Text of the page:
Na'amat Must Compensate Disabled Volunteer, Says Court

The Tel Aviv District Labor Court has required Na'amat, a subsidiary of the Histadrut labor federation, to pay a disabled woman NIS 100,000 for her assistance in the operation of a children's day care center over an eleven year period without receiving monetary compensation.

The ruling summary by Judge Yitzhak Lubotzky indicates the woman had been allowed to work at the center as a volunteer. She customarily fed the children, played with them, put them to bed, washed dishes, supervised the playground and cleaned up the sleeping and play area.

In the opinion of the nursery teachers, she fulfilled her position faithfully, diligently and pleasantly. However, she did not fill a formal position in the day care center, did not clock in and her name did not appear on Na'amat's personnel list.

The claim filed by the woman claims she should not be considered a volunteer but a full-fledged employee, since there is no permit for employment of volunteers as nursery school assistants.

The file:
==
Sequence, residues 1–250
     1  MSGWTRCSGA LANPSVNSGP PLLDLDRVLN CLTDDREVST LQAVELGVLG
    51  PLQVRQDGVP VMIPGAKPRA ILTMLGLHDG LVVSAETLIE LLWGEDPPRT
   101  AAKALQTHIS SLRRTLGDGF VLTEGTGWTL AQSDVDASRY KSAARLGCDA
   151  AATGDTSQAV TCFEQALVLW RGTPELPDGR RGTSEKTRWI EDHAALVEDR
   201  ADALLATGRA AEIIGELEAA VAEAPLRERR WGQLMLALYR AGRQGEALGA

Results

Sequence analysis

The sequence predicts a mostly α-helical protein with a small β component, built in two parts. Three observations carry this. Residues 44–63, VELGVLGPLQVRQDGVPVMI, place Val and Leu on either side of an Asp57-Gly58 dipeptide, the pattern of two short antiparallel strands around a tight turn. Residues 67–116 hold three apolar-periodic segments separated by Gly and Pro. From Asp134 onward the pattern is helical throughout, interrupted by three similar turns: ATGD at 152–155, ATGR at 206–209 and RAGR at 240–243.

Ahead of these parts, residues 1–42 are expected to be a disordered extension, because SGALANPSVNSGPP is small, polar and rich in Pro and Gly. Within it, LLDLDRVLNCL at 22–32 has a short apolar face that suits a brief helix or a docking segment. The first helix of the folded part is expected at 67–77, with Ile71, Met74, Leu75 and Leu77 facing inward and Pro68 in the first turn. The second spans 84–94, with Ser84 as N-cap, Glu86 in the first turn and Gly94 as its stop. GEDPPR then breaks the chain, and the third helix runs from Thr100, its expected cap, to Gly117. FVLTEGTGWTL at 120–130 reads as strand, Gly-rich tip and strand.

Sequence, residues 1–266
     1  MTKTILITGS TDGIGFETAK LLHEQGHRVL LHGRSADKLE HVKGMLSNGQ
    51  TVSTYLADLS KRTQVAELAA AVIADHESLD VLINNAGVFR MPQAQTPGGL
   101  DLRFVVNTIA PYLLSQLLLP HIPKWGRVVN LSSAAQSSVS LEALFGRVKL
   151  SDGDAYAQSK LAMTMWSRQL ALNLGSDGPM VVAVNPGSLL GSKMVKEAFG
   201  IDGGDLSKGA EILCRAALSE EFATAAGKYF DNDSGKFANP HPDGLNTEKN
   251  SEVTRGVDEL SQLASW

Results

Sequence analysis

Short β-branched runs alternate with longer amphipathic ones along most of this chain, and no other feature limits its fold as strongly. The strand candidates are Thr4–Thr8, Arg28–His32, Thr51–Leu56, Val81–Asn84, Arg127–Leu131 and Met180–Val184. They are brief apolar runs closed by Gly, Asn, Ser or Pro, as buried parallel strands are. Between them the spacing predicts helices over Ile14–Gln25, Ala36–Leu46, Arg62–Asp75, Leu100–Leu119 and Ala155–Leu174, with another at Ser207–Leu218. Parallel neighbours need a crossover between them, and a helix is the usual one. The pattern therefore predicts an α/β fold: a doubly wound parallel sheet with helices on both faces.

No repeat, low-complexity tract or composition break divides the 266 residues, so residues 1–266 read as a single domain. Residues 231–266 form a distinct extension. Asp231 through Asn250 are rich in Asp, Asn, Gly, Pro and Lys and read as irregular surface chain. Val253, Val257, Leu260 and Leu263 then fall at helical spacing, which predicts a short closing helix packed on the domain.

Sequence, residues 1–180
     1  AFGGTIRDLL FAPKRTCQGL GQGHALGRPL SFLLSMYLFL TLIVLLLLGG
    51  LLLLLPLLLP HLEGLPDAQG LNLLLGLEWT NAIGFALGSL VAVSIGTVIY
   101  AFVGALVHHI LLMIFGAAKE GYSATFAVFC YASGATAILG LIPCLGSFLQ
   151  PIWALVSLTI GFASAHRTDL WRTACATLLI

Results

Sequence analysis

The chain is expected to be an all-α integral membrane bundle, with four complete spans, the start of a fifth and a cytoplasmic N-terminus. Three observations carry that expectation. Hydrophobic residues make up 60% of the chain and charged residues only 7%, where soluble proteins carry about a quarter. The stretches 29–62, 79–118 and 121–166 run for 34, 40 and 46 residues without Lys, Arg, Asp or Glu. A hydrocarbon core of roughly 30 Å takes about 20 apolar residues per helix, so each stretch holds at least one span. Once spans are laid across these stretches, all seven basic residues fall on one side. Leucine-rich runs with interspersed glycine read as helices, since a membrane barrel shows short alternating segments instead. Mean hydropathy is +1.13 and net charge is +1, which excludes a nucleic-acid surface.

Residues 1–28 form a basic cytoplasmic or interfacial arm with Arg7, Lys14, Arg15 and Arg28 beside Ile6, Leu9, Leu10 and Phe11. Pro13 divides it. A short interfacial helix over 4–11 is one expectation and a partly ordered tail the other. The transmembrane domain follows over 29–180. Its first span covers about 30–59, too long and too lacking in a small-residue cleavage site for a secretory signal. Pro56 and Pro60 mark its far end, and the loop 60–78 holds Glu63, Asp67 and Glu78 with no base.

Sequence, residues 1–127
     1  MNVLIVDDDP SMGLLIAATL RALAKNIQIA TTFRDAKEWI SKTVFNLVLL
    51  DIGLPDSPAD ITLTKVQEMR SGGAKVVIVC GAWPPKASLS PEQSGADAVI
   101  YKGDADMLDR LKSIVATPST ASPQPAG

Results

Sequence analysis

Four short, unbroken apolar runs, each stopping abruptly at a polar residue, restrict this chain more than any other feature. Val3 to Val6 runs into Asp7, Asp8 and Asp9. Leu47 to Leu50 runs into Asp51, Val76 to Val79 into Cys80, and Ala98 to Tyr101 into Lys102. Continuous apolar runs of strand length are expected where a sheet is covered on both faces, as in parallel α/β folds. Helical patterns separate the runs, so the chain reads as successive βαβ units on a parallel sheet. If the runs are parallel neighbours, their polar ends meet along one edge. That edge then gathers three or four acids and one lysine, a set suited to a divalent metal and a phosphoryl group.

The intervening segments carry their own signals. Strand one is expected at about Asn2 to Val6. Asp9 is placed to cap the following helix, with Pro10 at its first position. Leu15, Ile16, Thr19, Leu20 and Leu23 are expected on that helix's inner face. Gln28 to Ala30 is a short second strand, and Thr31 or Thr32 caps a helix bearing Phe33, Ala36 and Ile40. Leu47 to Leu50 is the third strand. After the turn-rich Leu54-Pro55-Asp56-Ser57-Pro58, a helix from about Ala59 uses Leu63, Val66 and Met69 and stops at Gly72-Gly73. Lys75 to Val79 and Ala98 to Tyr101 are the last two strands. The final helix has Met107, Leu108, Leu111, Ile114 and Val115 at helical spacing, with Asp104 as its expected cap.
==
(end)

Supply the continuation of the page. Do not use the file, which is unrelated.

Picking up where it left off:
She also alleges she participated in all of the center's usual activities. She said she had occasionally spoken with the nursery school teachers about the possibility of receiving a salary, and had not been specifically told that she would not receive one.

Na'amat claims her integration into the child care center was part of an effort by Na'amat to incorporate disabled volunteers into child day care centers within the framework of a humanitarian and social program, and not for economic reasons. Judge Lubotzky ruled "the woman had performed work in the legal sense, and should be compensated for it, even if the work at the day care center contributed a great deal to her well-being.

"A nursery is an economic entity which enjoys her services, and even if she gained many added benefit s from the nursery, she was not materially compensated for her work capacity. Her work was necessary to the center's operation. Even though she did not clock in and did not participate in team meetings, she performed most of the activities the nursery required," he added. In addition to the sum awarded by the judge, Na'amat is required to pay court costs.